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Single Ended Triodes (SETs), the ultimate tube lovers dream.

RE: xaudiomanx.

Just a few words of caution here-- I appreciate what you're
saying-- all of us must be practical after all.

You are, however, making too many assumptions here:

(1) That a few simple parts will get you a good S.E. amp.
I'm afraid NOT!

Every S.E. I ever bought lacked "fun-factor"-- while having an emotional
"connection to music", they lacked DRIVE, PACE, RHYTHM and ultimate wide-band dynamics.

They just DID NOT WORK for me.... that is for me.... I understand that
S.E. operation DOES connect one to music better than Push/Pull.

I think that is a given that we all know and love.

But, that's not enough for me. I wanted POWER, GLORY, DYNAMICS.
I also wanted that wide-band (musical wide-band area) that a good Push/Pull has that S.E. amps did NOT have.. the S.E.'s truncated ultimate highs, and made a totally fake-- kind of bass-- euphonic, but not really following the musical groove at all....

That's OK if you like jazz, or human voices, but what if you like a
good marching band, as I do, and what if you like fast-paced fun-music
such as a good Polka Band? What if you're hooked on the internal dynamics of a good Concert-Grand piano, being played fast, hard, and dynamic by a
young, "hot" genius?

That is High-Power, Push/Pull territory-- normally.

But, I wanted a LOW POWER S.E. to do ALL THAT.

Getting the requisite speakers to handle that was Job One, so I built those... for myself at first.

I had to have very low signal losses, so I knew I had to get rid of
all signal impediments-- so Line-Stages got the boot real quick.

I tried all sorts of passive preamps-- they all lacked dynamics, so I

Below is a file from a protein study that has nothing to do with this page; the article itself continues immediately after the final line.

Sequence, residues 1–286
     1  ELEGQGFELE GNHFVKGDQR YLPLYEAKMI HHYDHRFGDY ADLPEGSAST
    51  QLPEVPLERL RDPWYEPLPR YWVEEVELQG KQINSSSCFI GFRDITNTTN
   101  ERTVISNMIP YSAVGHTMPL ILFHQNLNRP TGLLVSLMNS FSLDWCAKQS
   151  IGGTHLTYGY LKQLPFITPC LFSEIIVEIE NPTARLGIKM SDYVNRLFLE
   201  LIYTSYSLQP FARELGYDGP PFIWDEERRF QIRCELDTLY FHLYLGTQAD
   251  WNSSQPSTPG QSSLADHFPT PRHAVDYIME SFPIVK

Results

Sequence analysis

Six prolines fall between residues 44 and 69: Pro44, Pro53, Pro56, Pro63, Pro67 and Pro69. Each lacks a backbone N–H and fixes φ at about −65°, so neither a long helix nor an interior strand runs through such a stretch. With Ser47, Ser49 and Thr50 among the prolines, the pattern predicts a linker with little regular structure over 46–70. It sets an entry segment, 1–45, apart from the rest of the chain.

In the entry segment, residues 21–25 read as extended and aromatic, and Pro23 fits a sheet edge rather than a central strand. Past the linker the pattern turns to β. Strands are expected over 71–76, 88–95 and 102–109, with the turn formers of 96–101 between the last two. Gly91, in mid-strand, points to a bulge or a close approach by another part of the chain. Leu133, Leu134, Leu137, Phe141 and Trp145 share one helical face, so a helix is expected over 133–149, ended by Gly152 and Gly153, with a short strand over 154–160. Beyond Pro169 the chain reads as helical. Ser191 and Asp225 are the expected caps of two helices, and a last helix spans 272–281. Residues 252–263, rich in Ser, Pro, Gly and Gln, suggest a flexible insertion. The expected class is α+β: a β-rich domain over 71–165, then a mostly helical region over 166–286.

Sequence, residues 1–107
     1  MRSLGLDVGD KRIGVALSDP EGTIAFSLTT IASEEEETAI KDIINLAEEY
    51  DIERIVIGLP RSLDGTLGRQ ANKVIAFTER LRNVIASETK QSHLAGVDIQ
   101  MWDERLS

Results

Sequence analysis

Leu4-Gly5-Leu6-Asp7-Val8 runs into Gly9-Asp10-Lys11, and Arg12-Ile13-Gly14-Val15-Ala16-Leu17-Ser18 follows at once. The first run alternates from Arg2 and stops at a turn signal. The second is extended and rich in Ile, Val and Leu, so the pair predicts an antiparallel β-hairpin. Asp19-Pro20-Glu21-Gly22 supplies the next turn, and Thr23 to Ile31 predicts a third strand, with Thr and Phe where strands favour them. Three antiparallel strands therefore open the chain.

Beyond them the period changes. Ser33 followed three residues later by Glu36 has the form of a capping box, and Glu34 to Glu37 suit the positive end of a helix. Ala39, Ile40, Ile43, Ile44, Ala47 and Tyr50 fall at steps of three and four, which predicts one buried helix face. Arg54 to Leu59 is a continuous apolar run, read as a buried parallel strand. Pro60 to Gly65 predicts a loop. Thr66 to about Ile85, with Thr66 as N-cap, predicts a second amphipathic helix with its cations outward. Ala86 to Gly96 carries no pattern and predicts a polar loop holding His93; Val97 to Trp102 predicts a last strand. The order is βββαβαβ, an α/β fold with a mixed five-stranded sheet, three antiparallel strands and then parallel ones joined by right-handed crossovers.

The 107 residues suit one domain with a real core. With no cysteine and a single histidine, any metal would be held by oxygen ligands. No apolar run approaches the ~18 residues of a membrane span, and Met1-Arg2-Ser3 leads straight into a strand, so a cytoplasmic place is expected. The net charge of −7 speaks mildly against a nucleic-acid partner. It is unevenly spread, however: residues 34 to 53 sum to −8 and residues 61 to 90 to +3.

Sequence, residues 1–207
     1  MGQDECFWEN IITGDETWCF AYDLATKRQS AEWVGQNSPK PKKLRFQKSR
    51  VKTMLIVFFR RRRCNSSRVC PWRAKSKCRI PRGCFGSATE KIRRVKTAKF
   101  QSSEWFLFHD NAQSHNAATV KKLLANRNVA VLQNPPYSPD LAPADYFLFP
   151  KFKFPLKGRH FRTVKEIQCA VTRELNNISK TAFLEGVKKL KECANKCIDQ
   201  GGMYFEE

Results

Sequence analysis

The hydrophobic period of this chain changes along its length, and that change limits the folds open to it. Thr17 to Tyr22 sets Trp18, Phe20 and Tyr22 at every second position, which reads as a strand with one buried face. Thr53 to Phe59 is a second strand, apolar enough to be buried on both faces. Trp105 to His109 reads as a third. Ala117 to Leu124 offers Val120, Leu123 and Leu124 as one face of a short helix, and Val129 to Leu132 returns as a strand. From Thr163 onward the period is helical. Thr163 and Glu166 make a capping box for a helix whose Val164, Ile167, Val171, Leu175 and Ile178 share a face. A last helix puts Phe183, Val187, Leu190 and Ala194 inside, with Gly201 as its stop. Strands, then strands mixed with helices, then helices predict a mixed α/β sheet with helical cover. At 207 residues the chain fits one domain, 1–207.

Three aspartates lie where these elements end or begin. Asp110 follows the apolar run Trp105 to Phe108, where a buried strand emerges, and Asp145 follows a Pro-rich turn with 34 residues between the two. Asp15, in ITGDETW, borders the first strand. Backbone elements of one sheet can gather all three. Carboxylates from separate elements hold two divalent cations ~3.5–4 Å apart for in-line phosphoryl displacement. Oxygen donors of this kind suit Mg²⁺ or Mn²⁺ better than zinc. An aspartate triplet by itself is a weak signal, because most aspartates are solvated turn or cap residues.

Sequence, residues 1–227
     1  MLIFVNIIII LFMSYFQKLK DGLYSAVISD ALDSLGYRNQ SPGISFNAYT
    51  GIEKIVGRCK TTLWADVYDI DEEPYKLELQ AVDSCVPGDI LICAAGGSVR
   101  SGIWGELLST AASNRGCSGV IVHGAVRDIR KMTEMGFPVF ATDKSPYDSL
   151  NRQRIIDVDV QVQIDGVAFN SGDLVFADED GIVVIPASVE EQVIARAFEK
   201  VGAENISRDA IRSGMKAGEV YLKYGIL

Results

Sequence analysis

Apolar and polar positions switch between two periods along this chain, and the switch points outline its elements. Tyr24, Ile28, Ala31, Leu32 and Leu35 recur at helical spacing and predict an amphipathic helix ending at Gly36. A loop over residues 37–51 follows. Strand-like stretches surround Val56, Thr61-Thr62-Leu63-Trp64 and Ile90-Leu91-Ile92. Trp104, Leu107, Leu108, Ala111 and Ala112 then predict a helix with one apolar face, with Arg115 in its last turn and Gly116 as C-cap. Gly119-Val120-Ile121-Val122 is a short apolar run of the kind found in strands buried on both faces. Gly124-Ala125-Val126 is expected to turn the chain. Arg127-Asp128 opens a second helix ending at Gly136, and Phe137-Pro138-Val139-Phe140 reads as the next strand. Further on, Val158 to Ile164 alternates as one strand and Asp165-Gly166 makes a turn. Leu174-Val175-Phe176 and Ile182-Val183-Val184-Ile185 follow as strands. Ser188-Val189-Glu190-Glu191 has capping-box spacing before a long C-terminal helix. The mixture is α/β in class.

built one that is VERY dynamic. How? Stopped signal losses at every turn.

Cables and interconnects. Another severe problem area. I fixed that with Siltech, Kimber, and Mil-Spec conductors, carefully applied.

Amplifiers? I had to have all of those well-preserved signal sources reproduced accurately with all dynamics intact. Dynamics? Well, first, power supplies had to respond very quickly to signal demand and they had
to have the ability to provide heavy momentary currents into a load-- if that wasn't done fast enough, and couldn't re-charge fast enough, the music wouldn't flow as it should.

Special chokes were engineered, power transformers were way over-specced.

Power losses were addressed with heavy-gauge Siltech silver, and leads
to everything were made short. Parts were placed where they worked best,
and interfered least. No wire was allowed to be near any other wire, or
allowed to come close to anything..... All sorts of skew-angles were developed, along with 3-dimensional hand-wiring, which necessitated a deep chassis. Photos will show these advanced construction methods as
s "Rat's Nest"-- they're not-- they are what is necessary.

All of these parts can't be ty-wrapped, they can't be bolted down, they
can't touch, or be near ANYTHING else, and wiring can't be neatly bundled
together, or your amp will DIE sonically.

Parts count is large because all capacitors are either Oil-Filled, or super-quality Tin, or Silver, or Silver/Gold/Oil types or are Dynamicaps.

Since there are no coupling caps, all of these caps are used at power supply usage points and for cathode bypassing. The number of these not-so-cheap caps is typically, 32 to 40 units per amp. This changes over time as some caps are no longer manufactured, and others take their place. Some really good capacitors may require only 3 or 4 smaller bypasses, another may require up to 7 or 8. Trying to build a S.E. amp that can compete with the best (and much simpler to build) Push/Pulls just doesn't happen unless you accomplish a smooth, wideband result at every cathode, and at every tube's plate supply.

Of course, you have to mount your iron transformers. You can just bolt them onto something like everybody else, and suffer the loss of at least half of your music, or you can spend some money and mount all iron on stepped brass tripods. This has to be heavy hardware, or your transformers can shake loose if your amps are shipped. It's all brass, and there's a LOT of it! All of this has to come from the few suppliers who still sell it-- or, if you're in a large city, you will find SOME of it locally....

There's lots more to tell you-- but at least you now know that a good S.E. Is not going to come cheap!

-Dennis-



Edits: 02/03/17

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